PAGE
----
Message to hoops fans:
This story could make you look brilliant.
A computer-science professor at University of Illinois has created a formula that predicts NCAA Tournament upsets at double the success rate of someone picking at random — including, but not limited to, those who throw darts at the bracket, or pick based on their favorite color, the most ferocious mascot or the number of vowels in the coach’s last name.
This year’s upset picks both come out of the South region. They are No. 13 Buffalo (of the Mid-American Conference) over No. 4 Arizona and No. 14 Wright State (of the Horizon League) over No. 3 Tennessee.
But before betting the mortgage, read on:
The computer scientist who spearheads this project, Sheldon Jacobson, says the computer models only analyze potential upsets by 13, 14 and 15 seeds. A 16 seed has never beaten a 1 in the men’s Tournament; anything involving 11s or 12s produce “too much noise,” Jacobson says, meaning the relative closeness of the underdogs with their fifth- and sixth-seeded opponents interferes with the statistical model he uses to predict the upsets.
Jacobson and fellow scientists pared down 115 publicly available metrics for every team in college basketball to 15 that have served as the best predictors of upsets in years past.
Some examples include effective possession ratio — essentially the number of points a team scores per possession — along with average scoring margin and opponent’s 3-point shooting percentage.
Now for the science: The framework of these formulas is called “balance optimization subset selection” (BOSS), which is an artificial-intelligence algorithm (Google that if so inclined).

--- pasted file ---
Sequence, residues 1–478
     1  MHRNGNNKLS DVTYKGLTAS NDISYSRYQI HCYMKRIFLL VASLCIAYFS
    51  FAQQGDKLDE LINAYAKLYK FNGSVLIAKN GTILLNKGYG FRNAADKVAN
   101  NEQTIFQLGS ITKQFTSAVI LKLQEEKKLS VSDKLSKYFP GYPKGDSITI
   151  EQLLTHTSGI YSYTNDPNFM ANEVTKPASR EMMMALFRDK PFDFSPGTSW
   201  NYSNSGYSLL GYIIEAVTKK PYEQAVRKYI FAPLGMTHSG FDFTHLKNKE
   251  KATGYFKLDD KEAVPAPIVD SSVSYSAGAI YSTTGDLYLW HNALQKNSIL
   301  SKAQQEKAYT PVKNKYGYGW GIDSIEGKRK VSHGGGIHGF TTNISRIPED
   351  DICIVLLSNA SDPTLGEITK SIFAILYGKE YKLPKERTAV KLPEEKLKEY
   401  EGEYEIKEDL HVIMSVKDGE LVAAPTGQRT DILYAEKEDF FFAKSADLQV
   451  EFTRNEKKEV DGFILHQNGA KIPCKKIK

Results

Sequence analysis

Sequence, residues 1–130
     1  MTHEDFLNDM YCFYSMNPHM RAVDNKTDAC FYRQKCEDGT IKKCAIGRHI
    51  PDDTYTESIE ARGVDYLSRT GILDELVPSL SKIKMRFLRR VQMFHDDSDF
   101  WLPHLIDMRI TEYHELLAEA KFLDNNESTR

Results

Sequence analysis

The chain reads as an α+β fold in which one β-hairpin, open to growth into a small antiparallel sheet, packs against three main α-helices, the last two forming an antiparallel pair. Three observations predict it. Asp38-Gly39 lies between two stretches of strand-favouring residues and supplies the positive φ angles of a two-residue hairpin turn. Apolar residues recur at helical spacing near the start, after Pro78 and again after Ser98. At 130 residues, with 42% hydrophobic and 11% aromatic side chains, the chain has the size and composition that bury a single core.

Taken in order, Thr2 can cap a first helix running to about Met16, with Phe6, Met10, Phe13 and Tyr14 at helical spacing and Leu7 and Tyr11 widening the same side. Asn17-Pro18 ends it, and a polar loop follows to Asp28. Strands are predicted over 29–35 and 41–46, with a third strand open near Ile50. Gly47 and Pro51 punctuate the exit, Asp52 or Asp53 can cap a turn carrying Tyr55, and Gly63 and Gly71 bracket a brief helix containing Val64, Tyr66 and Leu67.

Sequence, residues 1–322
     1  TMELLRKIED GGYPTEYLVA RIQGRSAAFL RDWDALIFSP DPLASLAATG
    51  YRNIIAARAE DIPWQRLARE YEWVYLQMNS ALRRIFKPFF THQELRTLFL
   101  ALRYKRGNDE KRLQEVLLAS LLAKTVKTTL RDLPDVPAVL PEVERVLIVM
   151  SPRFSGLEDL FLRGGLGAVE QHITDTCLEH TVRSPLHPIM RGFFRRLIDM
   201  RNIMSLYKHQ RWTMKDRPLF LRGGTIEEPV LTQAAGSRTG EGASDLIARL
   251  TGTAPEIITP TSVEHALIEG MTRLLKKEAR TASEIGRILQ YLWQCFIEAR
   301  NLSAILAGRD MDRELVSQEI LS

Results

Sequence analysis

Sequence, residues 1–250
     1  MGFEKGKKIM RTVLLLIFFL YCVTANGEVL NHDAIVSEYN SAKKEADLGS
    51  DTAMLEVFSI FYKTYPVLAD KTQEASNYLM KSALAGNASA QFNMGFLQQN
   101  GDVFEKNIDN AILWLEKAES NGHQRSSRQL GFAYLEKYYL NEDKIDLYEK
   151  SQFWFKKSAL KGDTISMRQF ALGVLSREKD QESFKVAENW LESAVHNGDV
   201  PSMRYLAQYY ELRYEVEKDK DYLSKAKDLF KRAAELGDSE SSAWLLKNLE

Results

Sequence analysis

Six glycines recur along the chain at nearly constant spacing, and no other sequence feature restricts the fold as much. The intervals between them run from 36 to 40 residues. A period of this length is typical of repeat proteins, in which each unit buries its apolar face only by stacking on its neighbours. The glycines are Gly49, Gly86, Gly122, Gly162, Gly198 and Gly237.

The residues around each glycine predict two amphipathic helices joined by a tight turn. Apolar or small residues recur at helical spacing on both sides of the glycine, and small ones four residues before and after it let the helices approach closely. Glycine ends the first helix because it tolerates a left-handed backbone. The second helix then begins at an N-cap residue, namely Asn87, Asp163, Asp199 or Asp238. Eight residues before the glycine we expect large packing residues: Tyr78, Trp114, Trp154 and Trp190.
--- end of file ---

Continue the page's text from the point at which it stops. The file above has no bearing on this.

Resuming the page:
Jacobson’s website, bracketodds.cs.illinois.edu, gets thousands of hits a day this time of year. Its track record of picking upsets is hardly perfect, but still probably better than yours. Since 2003, 10 of its 26 selected games have resulted in upsets.
That said, for those placing faith in his science, Jacobson warns of the large gulf between predicting the future and forecasting what could happen.
“Nobody predicts the weather,” he says. “They forecast it using chances and odds.”
First Four starts tonight
UCLA’s storied NCAA Tournament history includes 18 Final Four appearances. A First Four? None, until now.
The Bruins open the Tournament in Dayton today at the bottom of the bracket looking up.
UCLA (21-11) faces St. Bonaventure (25-7) in the second game tonight at University of Dayton Arena. LIU Brooklyn (18-16) opens against Radford (22-12) in a matchup of No. 16 seeds.
St. Bonaventure is in the NCAA Tournament for the first time since 2012 and has matched the school record with 25 wins — the 1969-70 Final Four team also won as many.
Veteran ref Ted Valentine, a staple of the Big Ten and known for theatrics that earned him the nickname “TV Teddy,” won’t be working any NCAA Tournament games, he told ESPN. He said it’s fallout from a January incident in which he turned his back on UNC player Joel Berry II.